Emergency Plans at Santiago Elementary School: Are Current Plans Adequate for Responding to Wildfire Threats?   [open pdf - 124KB]

"Schools within or adjacent to wildland urban interface areas are at risk of exposure to wildfire. The problem is that while school emergency plans address building fires, school emergency plans do not always address wildfire threats, and this could lead to inappropriate emergency response actions. The purpose of this applied research was to evaluate the effectiveness of current wildfire emergency plans at Santiago Elementary School by comparing the calculated rate of fire spread through a Eucalyptus forest against the observed speed of the school's evacuation. The researcher examined the following five questions: (a) What are the school's current emergency plans for wildfire threat?, (b) What is the maximum theoretical calculated rate of spread of wildfire through a Eucalyptus forest?, (c) Under ideal conditions, how fast can an elementary school evacuate all students?, (d) Given the speed of a wildfire and the speed of evacuation, is it possible to evacuate a school before the fire impacts the school?, and (e) For schools adjacent to fire-prone forests, what protective options should be included in school emergency plans? To answer these questions, the researcher reviewed emergency plans for three schools districts, assessed fuel hazards in 10 Eucalyptus forest plots, observed one school evacuation drill, and observed the fire resistant features of school buildings. Results indicated that a fully developed wind-driven fire could spread from the northern edge of the Eucalyptus forest to Santiago Elementary School at the forest's southern edge within 21 minutes. Observations also showed that, under ideal conditions with pre-staged buses, the school could evacuate in nine minutes. This discovery suggests that a fire closer to the school or a prolonged evacuation time could place children directly in the wildfire's path. It is recommended that vulnerable schools include multiple protective options specifically for wildfire in their emergency plans."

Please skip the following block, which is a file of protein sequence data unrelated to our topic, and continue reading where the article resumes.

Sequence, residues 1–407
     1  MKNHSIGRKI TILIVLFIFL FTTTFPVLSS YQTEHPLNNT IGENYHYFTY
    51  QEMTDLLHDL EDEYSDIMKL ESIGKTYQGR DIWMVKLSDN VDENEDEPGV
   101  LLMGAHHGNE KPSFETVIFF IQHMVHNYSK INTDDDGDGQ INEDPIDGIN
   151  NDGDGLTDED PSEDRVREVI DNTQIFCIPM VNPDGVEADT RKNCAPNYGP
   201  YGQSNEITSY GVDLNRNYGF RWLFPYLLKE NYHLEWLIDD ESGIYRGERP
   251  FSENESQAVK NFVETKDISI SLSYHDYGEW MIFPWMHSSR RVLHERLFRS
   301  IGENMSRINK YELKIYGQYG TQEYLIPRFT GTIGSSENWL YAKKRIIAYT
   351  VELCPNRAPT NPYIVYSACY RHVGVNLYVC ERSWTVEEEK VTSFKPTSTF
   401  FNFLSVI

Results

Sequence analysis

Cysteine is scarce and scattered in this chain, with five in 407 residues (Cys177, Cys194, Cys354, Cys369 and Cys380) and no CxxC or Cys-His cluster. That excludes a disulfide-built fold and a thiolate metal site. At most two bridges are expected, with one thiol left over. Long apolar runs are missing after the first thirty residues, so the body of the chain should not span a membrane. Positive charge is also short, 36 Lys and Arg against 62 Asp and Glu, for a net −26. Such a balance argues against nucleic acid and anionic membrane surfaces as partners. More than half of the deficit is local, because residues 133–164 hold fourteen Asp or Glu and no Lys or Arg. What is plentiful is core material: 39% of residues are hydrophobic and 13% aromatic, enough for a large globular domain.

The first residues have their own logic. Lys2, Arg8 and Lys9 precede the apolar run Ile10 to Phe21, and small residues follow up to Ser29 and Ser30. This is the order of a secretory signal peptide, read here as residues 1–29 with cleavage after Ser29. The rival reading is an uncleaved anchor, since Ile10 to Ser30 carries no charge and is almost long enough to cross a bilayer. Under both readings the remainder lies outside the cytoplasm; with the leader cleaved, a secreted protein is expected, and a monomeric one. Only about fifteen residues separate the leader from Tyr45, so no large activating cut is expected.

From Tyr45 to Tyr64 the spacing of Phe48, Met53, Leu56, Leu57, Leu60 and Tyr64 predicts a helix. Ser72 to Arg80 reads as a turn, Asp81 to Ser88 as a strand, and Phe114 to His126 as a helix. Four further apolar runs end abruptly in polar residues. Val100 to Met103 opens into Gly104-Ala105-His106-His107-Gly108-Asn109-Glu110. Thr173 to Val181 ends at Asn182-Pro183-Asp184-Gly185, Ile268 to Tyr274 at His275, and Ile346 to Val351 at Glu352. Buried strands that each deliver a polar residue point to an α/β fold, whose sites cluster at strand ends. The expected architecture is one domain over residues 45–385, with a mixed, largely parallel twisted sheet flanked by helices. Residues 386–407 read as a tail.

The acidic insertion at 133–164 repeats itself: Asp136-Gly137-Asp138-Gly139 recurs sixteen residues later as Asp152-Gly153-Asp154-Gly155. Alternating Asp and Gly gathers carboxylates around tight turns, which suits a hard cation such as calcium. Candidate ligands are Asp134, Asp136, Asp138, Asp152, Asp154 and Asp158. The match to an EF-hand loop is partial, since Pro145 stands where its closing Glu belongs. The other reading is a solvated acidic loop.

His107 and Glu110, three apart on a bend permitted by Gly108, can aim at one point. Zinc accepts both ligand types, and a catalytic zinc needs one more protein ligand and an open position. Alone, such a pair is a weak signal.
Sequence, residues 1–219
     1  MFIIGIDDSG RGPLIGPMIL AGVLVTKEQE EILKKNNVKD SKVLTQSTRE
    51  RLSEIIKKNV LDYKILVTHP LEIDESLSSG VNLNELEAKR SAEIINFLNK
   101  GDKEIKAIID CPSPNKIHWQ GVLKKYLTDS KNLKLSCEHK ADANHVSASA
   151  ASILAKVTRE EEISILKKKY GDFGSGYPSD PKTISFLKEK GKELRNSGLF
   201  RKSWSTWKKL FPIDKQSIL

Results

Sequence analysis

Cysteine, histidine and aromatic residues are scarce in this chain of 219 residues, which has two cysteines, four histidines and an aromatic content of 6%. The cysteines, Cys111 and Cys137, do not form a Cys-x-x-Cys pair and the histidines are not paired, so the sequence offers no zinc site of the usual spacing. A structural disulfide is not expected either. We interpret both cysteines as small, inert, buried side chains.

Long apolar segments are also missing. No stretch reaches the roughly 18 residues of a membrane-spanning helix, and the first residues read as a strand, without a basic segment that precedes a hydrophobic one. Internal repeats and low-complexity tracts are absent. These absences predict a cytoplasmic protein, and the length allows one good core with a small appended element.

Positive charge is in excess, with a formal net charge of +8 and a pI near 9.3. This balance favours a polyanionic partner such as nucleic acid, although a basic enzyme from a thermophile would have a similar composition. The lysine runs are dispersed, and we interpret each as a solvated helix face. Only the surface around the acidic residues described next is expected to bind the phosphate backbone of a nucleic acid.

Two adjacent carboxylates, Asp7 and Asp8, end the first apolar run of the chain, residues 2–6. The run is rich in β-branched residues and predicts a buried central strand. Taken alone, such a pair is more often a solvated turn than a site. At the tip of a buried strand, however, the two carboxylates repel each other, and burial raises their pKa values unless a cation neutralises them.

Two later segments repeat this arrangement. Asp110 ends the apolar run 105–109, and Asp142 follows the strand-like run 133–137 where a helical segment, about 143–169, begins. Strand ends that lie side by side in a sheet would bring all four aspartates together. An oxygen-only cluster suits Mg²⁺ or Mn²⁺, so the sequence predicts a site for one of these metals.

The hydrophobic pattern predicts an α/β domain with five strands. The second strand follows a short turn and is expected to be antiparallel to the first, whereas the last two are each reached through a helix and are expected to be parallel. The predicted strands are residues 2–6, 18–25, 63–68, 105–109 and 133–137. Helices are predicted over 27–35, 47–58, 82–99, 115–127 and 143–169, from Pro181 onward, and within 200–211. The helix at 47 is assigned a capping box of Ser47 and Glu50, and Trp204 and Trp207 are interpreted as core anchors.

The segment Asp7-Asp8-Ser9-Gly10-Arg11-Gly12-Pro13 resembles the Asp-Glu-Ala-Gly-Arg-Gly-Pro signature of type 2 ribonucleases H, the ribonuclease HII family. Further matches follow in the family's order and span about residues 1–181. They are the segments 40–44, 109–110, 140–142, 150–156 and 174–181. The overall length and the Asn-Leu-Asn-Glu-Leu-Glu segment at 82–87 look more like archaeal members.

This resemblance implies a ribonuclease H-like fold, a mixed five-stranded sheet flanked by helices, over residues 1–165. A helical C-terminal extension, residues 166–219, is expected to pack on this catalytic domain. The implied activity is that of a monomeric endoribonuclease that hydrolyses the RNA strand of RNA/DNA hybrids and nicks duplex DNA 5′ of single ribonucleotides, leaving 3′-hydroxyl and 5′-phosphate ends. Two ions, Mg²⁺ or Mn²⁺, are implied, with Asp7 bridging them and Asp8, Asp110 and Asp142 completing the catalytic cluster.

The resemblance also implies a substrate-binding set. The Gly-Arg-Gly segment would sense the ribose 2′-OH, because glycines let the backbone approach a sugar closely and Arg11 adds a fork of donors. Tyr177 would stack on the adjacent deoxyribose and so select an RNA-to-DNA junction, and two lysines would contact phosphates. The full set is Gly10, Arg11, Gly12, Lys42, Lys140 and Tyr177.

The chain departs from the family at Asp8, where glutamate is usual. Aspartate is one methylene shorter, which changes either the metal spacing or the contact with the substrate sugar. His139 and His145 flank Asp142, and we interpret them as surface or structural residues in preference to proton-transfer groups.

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United States Fire Administration: http://www.usfa.fema.gov/
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